Life is unfair. I FINALLY get a few days off work to have time to do judo again, I get back in town last night and I find out that there is no practice this weekend at the West Coast Judo Training Center because everyone is at tournaments. Oh well, there's always next weekend.
Maybe I will just grab Ronda and go some place local and work with her this weekend. We can try to get some shots for the book.
Speaking of grabbing Ronda, she's always off practicing or working but the next time she sits still for a minute and I can find someone to hold the video camera we are going to do another Sneakerdoodle Zebra Judo on set-ups. For now, these photos will have to do.
Jim Pedro, Sr. and I have a bit of a different view on tate shiho gatame (I think jiu jitsu people call that some sort of mount. If you know, write and tell me.)
Other than the you're-on-top-they're-on-the-bottom simulation of the missionary position (oh DON'T act like that never occurred to you!) there are a lot of ways you can vary this pin and still have it go by the same name.
Tate shiho can be a good pin if you are a heavy weight because you can have all of your huge weight squashing on the person. If you have little stumpy legs like me, you can get your feet up by the other person's hips so there is no way they can grape vine your legs. If you have long legs and bony ankles like Ronda, you can hook your opponent's legs and stretch them until she feels like she's a Thanksgiving turkey and you're about to make a wish. (I wish I was winning this match - see, it works!)
As far as your upper body goes, you can slide your left hand under the opponent's neck and use your right hand to feed the lapel of her gi under her armpit and into the hand under her neck. Once you have her gi, this allows you one hand to hold her and one hand free to do other things, say, to post if she tries to bridge out of the pin.
You can also push her arm across her face, slide your right arm under her neck, put your head against her arm to hold it there, clasp your hands together and squeeze. (This is the exact same, on the upper body, as kata gatame, which is a pin far too few people teach or learn any more if you ask me, which you should, both learn the pin and ask me.)People who are not very tough can be convinced to tap out on this pin because it hurts, especially if you are doing the aforementioned getting your little stumpy legs up by their hips and putting all of your weight on their face. This isn't a really effective choke, but it hurts, so some people will tap. Even really tough people will be distracted when you almost (or actually) dislocate their jaw, which brings their attention away from escaping the pin.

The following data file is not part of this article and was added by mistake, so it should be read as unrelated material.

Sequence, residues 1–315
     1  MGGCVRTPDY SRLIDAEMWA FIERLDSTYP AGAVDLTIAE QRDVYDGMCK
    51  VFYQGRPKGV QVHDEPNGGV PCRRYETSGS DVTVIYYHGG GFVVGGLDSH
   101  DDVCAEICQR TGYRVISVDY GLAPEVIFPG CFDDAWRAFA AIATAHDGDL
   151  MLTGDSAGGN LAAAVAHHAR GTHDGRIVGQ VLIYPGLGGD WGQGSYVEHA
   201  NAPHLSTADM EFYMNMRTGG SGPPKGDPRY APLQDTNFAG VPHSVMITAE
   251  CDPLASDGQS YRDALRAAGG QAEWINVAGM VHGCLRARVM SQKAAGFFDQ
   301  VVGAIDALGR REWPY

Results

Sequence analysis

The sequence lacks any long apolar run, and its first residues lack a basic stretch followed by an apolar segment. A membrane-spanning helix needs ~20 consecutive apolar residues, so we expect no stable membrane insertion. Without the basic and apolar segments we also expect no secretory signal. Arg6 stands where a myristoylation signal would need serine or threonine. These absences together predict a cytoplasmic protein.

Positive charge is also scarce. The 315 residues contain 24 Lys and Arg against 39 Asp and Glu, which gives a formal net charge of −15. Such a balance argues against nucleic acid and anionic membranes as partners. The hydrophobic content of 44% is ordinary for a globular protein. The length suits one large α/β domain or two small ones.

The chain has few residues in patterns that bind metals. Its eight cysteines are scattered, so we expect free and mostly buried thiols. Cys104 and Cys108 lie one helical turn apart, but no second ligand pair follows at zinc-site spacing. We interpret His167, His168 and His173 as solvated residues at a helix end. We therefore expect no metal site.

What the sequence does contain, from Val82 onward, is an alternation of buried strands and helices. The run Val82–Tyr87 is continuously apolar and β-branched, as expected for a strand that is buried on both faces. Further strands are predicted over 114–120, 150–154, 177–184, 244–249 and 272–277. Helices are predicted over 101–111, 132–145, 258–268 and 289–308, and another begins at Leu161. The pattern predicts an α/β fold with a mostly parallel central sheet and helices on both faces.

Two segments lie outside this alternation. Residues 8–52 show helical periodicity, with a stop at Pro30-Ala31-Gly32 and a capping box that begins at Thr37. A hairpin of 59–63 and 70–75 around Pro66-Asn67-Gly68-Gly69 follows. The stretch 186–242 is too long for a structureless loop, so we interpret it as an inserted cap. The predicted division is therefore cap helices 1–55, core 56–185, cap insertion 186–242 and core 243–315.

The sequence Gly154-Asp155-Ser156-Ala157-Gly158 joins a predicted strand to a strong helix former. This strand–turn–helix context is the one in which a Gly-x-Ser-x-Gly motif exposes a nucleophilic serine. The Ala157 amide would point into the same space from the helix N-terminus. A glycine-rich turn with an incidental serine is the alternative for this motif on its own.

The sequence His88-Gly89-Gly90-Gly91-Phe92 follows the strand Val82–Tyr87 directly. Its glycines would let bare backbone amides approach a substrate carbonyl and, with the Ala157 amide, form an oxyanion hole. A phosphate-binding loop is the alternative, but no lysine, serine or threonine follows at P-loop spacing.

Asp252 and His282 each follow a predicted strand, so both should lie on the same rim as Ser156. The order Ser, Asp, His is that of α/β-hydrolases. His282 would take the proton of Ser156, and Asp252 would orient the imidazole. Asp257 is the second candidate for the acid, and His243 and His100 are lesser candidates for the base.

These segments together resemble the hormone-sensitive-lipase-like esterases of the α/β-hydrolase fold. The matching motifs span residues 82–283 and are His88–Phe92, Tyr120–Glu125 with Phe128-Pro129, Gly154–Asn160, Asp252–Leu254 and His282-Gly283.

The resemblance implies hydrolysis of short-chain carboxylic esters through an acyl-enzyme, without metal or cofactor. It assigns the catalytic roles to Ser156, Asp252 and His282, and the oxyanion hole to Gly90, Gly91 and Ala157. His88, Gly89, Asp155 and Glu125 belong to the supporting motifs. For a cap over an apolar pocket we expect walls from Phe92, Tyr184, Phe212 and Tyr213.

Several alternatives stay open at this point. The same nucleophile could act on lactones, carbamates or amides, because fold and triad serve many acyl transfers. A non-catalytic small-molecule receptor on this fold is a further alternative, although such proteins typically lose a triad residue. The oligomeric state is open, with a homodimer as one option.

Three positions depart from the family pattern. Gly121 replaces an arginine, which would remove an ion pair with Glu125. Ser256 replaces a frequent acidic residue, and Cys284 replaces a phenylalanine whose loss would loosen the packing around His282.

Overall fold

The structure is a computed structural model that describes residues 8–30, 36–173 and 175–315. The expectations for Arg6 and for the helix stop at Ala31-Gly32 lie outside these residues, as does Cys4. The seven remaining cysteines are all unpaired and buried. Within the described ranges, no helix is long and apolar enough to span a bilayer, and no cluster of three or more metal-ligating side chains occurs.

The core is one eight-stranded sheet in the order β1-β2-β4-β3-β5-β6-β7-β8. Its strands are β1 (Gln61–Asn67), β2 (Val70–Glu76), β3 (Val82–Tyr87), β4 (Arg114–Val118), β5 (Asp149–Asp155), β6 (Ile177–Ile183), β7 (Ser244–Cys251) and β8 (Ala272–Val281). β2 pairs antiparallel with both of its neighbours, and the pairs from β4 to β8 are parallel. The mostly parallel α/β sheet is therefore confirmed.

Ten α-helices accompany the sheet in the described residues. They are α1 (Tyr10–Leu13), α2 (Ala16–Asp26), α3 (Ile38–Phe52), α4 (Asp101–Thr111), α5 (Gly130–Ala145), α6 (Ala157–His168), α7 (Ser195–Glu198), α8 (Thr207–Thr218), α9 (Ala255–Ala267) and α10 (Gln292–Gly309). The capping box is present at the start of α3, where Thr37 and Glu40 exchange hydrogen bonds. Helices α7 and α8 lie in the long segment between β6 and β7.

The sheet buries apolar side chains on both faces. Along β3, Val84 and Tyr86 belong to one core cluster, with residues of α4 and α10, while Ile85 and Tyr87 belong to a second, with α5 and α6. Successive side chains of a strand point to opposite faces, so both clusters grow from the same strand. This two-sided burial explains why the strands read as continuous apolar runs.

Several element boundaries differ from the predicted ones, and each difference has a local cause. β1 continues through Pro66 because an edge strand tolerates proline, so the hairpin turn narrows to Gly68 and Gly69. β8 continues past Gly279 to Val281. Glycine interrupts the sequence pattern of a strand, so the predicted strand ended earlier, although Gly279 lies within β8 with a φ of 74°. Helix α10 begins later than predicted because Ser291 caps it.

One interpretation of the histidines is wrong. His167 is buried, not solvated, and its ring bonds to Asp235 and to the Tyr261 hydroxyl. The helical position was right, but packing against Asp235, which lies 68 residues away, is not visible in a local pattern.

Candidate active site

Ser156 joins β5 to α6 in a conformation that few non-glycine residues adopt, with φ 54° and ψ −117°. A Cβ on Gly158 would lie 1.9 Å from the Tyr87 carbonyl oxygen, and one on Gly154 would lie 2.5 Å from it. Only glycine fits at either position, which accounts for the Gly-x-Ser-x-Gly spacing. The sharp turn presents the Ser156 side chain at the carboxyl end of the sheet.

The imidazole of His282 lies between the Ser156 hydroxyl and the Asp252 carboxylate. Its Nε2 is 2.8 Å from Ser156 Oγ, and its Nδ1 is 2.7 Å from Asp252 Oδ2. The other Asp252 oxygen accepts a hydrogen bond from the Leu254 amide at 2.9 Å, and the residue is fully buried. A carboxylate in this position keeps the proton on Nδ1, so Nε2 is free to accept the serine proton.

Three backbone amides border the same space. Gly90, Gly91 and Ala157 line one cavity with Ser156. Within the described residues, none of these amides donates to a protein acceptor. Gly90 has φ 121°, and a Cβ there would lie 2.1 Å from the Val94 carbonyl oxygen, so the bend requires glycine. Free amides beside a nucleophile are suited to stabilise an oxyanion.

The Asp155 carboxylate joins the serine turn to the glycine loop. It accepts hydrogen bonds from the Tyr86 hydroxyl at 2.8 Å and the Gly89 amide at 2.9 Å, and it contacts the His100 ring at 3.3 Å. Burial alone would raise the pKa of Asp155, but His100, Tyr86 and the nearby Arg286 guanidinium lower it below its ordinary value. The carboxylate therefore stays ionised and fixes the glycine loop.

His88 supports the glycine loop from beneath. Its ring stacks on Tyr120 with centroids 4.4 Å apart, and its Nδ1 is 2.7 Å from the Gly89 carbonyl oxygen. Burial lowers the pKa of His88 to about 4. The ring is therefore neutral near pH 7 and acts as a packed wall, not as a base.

Despite all of these cool things about tate shiho, Jim doesn't like it. I told him that was because it looked too much like sex and he was a prude. He told me that I have a dirty mind and no. (I did not know it was even possible to say such a simple word as "No" with an eastern accent. It turns out that it is. It sounds like No-o. )
He said he doesn't like tate shiho because it is too easy to escape because the person can entangle your legs.
The missing element here is the failure to understand that my usual intention in doing tate shiho is not to pin the opponent for ippon, although if that turns out to be the case, it is nice and I won't object.
No, my real objective is to armbar the person with juji gatame, which my friend Steve Scott has renamed the "cross-body armlock" and even written an entire book about it. I guess cross body armlock is how you say juji gatame in Midwestern.
For those of you from the south, here's a picture. (Dennis and Bruce, that comment is just for you-all (-: )
If I'm on top of you and have both of my arms by your head, say one arm under your head, with my hands clasped together, and your arm shoved across your face then:
- I have your arm. Duh.
- I have TWO arms close to your one arm. Advantage to me.
- If I have my little stumpy legs pulled up, it isn't that much distance to sit up, throw my left leg across your neck and lean back.
- If you are trying to escape, because you feel like you are being choked and/ or your jaw is about to be dislocated, you often push against me with that arm across your face. This is awesome because normally when you have both arms on someone's arm, they think you are going to armbar them and they try to keep that arm they suspect (rightly) you are trying to break bent and hold on to it for dear life. They don't push against you with it.
- Sometimes having a body shape that resembles more the dwarf in fairy tales than the giant (or the bean stalk) is an advantage.
- People don't do enough set-ups, particularly in matwork. Juji gatame is a very effective technique, once you've got it, but it's the getting into that position on your back with their arm that's the tough part.
- It's bad to get stuck in a rut, whether it is always doing that same complicated roll over to get juji gatame when it's right there in front of you, or always thinking of tate shiho as just a pin or thinking of set-ups as something you only do in standing technique, or even working all of the time and never going on vacation.
P.S. For those who sometimes email me and say you would like to have your younger kids / students read my blog on some technique but you don't want to have to answer any uncomfortable questions like,
"Sensei, what's the missionary position? Did we learn that in class?"
I promise that, just for you, in the next day or two I will do a G-rated Sneakerdoodle Zebra Judo on set-ups.